Inflation is low and could be for years. But some activists want inflation because that would, somehow, make life fair.
Activists are pushing for a $15 an hour minimum wage across the nation. The chart below shows why this is inflationary.
A Dollar Goes Further in Some States
It costs 15.2% below the national average to live in Mississippi. But the cost of living is more than 30% above average in Oregon, California, New York, Massachusetts and Hawaii. In other words, $15 will go a lot further in Biloxi than Honolulu.
How a $15 Minimum Wage Will Trigger Inflation
Overpaying for labor in some parts of the country could lead to too much money chasing too few goods in those communities. That’s inflation.
Businesses may shut down because higher labor costs create operating losses. That’s a potential catalyst for a recession.
It’s a problem that investors can no longer ignore. Florida voted in favor of raising the state minimum wage to $15 an hour from $8.56 by 2026.
The Biden administration will also prioritize this. Since first announcing his campaign for president, Biden has said it’s “well past time that the minimum wage nationally be a minimum of $15.” The federal minimum wage has been $7.25 an hour since 2009.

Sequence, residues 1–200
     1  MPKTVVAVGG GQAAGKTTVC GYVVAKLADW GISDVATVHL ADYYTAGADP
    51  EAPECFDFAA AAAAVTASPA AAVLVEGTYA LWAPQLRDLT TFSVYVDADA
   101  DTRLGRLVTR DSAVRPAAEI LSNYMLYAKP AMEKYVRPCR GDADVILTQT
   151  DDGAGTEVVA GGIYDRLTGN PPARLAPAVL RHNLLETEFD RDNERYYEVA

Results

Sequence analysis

There’s no rational basis for a nationwide minimum wage of $15 an hour. According to NPR, “the $15 number itself, nice and round, easy to fit on a bumper sticker” came about by accident.
There’s no doubt a $15 minimum wage is justified in some parts of the country. But as a national policy, it sows the seeds of inflation and risks economic problems that exceed any benefits the policy might offer.
It’s hard to believe, but investors may suffer a bear market because of an idea that is “easy to fit on a bumper sticker.”
Michael Carr is a Chartered Market Technician for Banyan Hill Publishing and the Editor of One Trade, Peak Velocity Trader and Precision Profits. He teaches technical analysis and quantitative technical analysis at the New York Institute of Finance. Mr. Carr is also the former editor of the CMT Association newsletter, Technically Speaking.
Follow him on Twitter @MichaelCarrGuru.